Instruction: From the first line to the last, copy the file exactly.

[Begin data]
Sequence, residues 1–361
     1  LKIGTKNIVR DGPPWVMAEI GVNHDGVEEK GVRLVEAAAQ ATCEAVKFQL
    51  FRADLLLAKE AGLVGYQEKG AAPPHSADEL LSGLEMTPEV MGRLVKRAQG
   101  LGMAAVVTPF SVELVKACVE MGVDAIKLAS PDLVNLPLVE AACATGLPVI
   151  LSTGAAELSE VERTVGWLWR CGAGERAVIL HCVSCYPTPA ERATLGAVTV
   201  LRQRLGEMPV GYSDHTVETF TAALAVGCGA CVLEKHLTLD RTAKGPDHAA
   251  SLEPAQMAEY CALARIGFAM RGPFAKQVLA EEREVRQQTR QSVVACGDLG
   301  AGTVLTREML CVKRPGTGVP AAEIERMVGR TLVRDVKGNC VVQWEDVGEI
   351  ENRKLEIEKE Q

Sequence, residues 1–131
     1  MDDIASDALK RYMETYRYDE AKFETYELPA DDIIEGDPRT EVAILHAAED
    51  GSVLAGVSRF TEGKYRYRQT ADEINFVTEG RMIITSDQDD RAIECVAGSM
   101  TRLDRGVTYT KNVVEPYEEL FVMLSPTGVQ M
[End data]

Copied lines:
Sequence, residues 1–361
     1  LKIGTKNIVR DGPPWVMAEI GVNHDGVEEK GVRLVEAAAQ ATCEAVKFQL
    51  FRADLLLAKE AGLVGYQEKG AAPPHSADEL LSGLEMTPEV MGRLVKRAQG
   101  LGMAAVVTPF SVELVKACVE MGVDAIKLAS PDLVNLPLVE AACATGLPVI
   151  LSTGAAELSE VERTVGWLWR CGAGERAVIL HCVSCYPTPA ERATLGAVTV
   201  LRQRLGEMPV GYSDHTVETF TAALAVGCGA CVLEKHLTLD RTAKGPDHAA
   251  SLEPAQMAEY CALARIGFAM RGPFAKQVLA EEREVRQQTR QSVVACGDLG
   301  AGTVLTREML CVKRPGTGVP AAEIERMVGR TLVRDVKGNC VVQWEDVGEI
   351  ENRKLEIEKE Q

Sequence, residues 1–131
     1  MDDIASDALK RYMETYRYDE AKFETYELPA DDIIEGDPRT EVAILHAAED
    51  GSVLAGVSRF TEGKYRYRQT ADEINFVTEG RMIITSDQDD RAIECVAGSM
   101  TRLDRGVTYT KNVVEPYEEL FVMLSPTGVQ M